I will tell you this though, the feeling of accomplishment is unlike any other when you finally put that boat in the water once again. I have "rescued" 2 cats, the 1st was a P18, but that did not take much except some cleaning and a few parts. The 2nd cat is my G-Cat 5.0, I don't think it had seen water for several years but is now sailing again, what a trip. Other people will think you crazy, but if the force is with you........ robinhood

    --
    TurboHobo
    H14T
    H16
    P18
    G-Cat 5.0
    P16
    --
  • Here's what I found when restoring my P-Cat:

    If you're trying to restore it to factory original, chances are you won't be able to source all the bits. If you're trying to restore it to something that'll sail, chances are good. Follow turbohobo's advice on evaluating the hulls before proceeding. If they're trashed, let it go. If not, you have a decision to make.

    The P-Cat has solid fiberglass hulls, so delamination may not be a huge risk. But do check it for soft spots. A good hard impact that's been "repaired" with paint may be hiding further damage that might make it un-seaworthy. Check first!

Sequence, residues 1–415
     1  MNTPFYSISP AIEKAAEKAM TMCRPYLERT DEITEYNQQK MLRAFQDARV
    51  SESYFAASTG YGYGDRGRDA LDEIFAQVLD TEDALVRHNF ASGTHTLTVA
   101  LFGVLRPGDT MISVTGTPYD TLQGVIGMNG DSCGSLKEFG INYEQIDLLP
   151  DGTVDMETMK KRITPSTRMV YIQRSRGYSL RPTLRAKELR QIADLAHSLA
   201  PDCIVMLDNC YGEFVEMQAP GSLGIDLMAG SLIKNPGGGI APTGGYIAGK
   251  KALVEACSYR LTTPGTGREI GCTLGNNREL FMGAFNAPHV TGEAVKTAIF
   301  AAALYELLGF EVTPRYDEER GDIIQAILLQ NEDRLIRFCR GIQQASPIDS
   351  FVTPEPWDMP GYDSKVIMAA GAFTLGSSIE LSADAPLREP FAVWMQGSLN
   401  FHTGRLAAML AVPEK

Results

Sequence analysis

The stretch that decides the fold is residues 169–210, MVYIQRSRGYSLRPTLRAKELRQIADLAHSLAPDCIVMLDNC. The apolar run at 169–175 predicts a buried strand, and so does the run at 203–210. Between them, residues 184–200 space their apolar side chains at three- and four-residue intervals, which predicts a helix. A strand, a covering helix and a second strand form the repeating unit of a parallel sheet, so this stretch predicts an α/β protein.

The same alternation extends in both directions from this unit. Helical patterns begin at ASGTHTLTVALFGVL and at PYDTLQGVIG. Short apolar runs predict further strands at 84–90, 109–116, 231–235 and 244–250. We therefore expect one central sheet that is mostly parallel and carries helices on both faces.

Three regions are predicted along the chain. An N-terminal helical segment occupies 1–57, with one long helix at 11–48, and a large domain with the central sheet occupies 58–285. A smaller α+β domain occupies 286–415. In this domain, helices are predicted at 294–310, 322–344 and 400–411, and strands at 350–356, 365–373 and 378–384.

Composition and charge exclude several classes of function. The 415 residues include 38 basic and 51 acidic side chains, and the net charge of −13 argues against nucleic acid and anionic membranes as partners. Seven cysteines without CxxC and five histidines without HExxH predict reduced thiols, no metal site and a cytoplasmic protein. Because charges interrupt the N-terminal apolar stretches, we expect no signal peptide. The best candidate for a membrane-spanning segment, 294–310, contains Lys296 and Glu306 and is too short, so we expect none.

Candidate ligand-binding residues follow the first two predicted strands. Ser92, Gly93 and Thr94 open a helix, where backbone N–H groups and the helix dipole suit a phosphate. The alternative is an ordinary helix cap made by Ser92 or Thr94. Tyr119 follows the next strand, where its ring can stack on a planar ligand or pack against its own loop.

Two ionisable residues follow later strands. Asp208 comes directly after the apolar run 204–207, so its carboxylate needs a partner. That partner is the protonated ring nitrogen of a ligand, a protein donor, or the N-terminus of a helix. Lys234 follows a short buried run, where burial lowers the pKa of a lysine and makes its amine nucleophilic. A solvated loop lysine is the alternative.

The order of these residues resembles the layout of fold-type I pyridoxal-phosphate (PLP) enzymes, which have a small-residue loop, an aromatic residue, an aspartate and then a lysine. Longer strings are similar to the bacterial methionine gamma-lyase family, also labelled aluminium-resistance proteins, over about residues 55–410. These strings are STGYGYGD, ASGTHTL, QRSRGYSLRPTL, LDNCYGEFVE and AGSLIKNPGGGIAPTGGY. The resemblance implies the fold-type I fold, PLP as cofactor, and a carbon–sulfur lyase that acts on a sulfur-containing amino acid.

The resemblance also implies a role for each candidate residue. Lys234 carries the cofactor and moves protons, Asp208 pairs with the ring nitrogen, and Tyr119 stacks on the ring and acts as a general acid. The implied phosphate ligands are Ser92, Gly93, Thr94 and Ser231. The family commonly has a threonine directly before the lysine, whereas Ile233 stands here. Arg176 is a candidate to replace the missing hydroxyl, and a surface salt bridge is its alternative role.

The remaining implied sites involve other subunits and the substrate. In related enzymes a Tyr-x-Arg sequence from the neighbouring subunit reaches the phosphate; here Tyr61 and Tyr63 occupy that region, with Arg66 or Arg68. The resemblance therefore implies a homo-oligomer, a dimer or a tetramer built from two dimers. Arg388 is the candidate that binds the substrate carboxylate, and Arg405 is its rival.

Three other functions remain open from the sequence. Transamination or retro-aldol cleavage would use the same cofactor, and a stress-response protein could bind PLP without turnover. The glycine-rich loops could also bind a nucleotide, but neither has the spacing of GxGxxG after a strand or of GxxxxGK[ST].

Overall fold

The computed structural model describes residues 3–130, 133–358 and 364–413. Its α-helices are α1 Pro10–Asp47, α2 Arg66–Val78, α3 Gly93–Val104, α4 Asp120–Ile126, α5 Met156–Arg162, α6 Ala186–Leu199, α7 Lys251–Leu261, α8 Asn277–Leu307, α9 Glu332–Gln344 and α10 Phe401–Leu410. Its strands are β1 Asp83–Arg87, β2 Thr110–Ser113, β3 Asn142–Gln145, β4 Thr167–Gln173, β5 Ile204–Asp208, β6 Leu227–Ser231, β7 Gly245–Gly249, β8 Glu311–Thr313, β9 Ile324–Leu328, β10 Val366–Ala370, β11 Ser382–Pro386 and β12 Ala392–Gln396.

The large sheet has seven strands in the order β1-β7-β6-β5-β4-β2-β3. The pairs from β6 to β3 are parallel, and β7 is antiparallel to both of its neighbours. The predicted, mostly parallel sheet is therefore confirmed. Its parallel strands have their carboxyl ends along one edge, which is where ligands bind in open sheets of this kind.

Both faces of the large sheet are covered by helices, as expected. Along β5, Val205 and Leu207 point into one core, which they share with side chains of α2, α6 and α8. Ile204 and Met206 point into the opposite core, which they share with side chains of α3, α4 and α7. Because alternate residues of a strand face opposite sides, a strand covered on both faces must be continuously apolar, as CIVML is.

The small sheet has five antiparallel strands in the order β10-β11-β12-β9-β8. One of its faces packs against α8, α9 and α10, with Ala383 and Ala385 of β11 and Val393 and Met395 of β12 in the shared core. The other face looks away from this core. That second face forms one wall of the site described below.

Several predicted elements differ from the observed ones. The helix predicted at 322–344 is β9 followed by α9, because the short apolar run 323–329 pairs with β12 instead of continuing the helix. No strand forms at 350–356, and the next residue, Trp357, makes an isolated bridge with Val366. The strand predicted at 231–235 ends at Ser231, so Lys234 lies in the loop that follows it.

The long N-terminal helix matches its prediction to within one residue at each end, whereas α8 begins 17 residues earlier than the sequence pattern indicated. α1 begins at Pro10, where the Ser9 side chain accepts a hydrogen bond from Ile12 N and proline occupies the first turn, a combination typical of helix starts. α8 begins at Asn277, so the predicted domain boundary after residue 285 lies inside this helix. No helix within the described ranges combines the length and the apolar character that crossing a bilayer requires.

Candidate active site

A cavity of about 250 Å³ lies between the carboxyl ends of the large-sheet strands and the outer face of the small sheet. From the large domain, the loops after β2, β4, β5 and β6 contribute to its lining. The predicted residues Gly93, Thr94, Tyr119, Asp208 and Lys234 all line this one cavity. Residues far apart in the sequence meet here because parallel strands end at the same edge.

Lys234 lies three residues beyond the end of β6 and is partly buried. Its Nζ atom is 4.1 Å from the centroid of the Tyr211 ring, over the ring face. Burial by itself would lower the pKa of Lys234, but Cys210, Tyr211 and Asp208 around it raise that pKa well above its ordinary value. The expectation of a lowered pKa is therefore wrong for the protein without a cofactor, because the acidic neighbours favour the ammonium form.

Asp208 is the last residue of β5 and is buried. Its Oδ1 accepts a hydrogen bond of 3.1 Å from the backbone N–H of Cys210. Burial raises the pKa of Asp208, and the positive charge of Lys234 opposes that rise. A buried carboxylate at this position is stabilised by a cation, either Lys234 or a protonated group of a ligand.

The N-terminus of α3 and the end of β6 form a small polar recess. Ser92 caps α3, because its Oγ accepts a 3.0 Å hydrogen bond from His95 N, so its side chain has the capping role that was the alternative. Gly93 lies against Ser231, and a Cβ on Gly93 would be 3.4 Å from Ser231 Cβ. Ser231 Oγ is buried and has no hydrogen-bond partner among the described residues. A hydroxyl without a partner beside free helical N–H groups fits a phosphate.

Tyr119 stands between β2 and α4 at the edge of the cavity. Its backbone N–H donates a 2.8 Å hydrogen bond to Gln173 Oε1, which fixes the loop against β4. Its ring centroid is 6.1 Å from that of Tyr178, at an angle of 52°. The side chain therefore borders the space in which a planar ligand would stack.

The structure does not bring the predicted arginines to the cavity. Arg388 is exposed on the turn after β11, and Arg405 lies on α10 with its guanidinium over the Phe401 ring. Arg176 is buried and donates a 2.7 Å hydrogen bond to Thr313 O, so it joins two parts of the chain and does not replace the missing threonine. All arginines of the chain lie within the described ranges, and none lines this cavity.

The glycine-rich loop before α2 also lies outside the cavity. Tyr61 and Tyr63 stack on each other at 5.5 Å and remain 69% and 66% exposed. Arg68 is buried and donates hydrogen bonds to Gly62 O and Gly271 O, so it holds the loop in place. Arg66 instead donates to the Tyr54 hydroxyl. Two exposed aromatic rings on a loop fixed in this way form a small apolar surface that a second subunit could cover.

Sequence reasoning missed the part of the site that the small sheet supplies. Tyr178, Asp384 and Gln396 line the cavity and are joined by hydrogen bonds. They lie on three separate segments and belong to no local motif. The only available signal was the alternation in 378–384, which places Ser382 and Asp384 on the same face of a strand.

The most difficult bits to source would be the rudders and daggerboards, but it sounds like you've already got that. In addition to the blades and housings, the P-Cat has a pretty oddball tiller bar arrangement that includes two teak tillers. Does the boat come with the tiller assembly? This is something that can be made, but it saves a ton of time if it's with the boat already.

    The mast and boom are another difficult bit to source IF you're trying to go factory original. If you're trying to get it fit to sail, you have some choices: The more recent version of the P-Cat, the P2-18, has a rig that's almost identical to a Tornado. I honestly think you could drop a Tornado or a Prindle 18 rig on top of a P-Cat and have a higher performance boat than the original P-Cat. The one potential gotcha with this plan is the mast base, hinge, and socket. But I think a new base could be made for a Tornado or Prindle mast that would let it work on a P-Cat. I'd be happy to measure mine and give you the drawings if you decide to go this route.